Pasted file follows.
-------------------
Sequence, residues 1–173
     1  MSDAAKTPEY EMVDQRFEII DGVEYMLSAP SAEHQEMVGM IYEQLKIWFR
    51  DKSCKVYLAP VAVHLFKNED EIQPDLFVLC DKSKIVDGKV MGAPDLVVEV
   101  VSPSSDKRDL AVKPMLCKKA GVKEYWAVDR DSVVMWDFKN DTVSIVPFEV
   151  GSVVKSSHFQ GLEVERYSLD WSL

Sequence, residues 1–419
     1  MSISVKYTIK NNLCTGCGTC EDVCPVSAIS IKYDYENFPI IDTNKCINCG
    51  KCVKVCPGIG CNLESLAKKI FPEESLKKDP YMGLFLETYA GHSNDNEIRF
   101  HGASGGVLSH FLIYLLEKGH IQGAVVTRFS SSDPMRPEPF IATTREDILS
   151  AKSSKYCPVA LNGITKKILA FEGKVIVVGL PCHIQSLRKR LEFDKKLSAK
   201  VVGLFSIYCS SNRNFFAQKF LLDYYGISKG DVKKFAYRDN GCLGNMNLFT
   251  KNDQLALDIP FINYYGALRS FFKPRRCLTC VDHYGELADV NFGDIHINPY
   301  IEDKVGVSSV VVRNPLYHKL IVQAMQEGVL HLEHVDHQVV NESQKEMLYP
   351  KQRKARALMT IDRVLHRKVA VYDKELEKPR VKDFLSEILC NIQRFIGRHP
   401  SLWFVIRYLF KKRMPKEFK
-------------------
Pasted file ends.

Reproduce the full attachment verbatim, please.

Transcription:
Sequence, residues 1–173
     1  MSDAAKTPEY EMVDQRFEII DGVEYMLSAP SAEHQEMVGM IYEQLKIWFR
    51  DKSCKVYLAP VAVHLFKNED EIQPDLFVLC DKSKIVDGKV MGAPDLVVEV
   101  VSPSSDKRDL AVKPMLCKKA GVKEYWAVDR DSVVMWDFKN DTVSIVPFEV
   151  GSVVKSSHFQ GLEVERYSLD WSL

Sequence, residues 1–419
     1  MSISVKYTIK NNLCTGCGTC EDVCPVSAIS IKYDYENFPI IDTNKCINCG
    51  KCVKVCPGIG CNLESLAKKI FPEESLKKDP YMGLFLETYA GHSNDNEIRF
   101  HGASGGVLSH FLIYLLEKGH IQGAVVTRFS SSDPMRPEPF IATTREDILS
   151  AKSSKYCPVA LNGITKKILA FEGKVIVVGL PCHIQSLRKR LEFDKKLSAK
   201  VVGLFSIYCS SNRNFFAQKF LLDYYGISKG DVKKFAYRDN GCLGNMNLFT
   251  KNDQLALDIP FINYYGALRS FFKPRRCLTC VDHYGELADV NFGDIHINPY
   301  IEDKVGVSSV VVRNPLYHKL IVQAMQEGVL HLEHVDHQVV NESQKEMLYP
   351  KQRKARALMT IDRVLHRKVA VYDKELEKPR VKDFLSEILC NIQRFIGRHP
   401  SLWFVIRYLF KKRMPKEFK